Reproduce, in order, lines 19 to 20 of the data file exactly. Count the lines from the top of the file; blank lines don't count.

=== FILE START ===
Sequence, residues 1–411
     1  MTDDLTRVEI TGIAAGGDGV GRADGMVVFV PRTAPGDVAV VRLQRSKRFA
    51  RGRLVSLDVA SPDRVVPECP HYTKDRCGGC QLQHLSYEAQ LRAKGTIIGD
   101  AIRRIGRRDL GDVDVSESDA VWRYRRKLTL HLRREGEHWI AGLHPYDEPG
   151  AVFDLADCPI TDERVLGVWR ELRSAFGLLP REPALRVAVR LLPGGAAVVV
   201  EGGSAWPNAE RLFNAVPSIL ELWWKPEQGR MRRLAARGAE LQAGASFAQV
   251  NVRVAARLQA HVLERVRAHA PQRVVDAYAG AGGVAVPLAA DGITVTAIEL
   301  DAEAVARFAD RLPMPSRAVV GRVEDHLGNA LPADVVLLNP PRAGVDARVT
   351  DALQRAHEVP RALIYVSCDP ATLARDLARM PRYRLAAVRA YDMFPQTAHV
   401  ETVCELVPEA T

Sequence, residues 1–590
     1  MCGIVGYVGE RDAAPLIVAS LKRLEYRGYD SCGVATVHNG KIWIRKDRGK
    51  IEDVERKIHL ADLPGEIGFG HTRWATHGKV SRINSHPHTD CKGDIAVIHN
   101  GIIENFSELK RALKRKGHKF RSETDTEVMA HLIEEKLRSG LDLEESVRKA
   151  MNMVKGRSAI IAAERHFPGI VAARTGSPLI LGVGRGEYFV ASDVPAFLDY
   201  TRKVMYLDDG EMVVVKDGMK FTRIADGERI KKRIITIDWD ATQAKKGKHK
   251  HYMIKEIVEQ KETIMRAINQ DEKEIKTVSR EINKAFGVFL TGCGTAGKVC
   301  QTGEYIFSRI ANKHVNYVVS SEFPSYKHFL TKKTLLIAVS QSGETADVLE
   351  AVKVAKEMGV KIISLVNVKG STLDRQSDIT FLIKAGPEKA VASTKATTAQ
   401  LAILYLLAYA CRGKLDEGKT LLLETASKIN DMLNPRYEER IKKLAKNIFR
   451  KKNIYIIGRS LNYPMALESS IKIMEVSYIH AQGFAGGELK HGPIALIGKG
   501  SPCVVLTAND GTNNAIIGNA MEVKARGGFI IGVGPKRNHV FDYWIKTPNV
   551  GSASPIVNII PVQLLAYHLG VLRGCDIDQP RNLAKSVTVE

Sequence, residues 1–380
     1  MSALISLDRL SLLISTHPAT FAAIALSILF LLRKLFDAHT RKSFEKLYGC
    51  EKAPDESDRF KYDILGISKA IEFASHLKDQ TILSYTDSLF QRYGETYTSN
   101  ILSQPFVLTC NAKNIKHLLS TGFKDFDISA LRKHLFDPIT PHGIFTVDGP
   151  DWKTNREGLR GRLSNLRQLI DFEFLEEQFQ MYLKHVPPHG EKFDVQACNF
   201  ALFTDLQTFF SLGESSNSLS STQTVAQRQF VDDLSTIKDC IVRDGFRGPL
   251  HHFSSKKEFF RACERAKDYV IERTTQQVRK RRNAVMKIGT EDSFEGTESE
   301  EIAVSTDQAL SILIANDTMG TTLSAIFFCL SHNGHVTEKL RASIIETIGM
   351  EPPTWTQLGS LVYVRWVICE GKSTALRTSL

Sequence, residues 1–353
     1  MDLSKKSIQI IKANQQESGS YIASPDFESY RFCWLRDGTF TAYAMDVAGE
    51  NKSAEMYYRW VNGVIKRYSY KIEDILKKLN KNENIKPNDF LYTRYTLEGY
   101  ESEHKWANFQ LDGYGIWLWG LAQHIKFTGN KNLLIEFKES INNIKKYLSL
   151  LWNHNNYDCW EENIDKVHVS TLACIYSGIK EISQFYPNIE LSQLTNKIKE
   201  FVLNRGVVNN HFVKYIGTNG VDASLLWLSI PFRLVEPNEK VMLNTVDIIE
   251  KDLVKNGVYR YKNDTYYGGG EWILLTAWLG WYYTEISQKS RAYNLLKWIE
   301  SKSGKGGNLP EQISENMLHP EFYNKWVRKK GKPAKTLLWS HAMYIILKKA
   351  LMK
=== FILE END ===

   351  AVKVAKEMGV KIISLVNVKG STLDRQSDIT FLIKAGPEKA VASTKATTAQ
   401  LAILYLLAYA CRGKLDEGKT LLLETASKIN DMLNPRYEER IKKLAKNIFR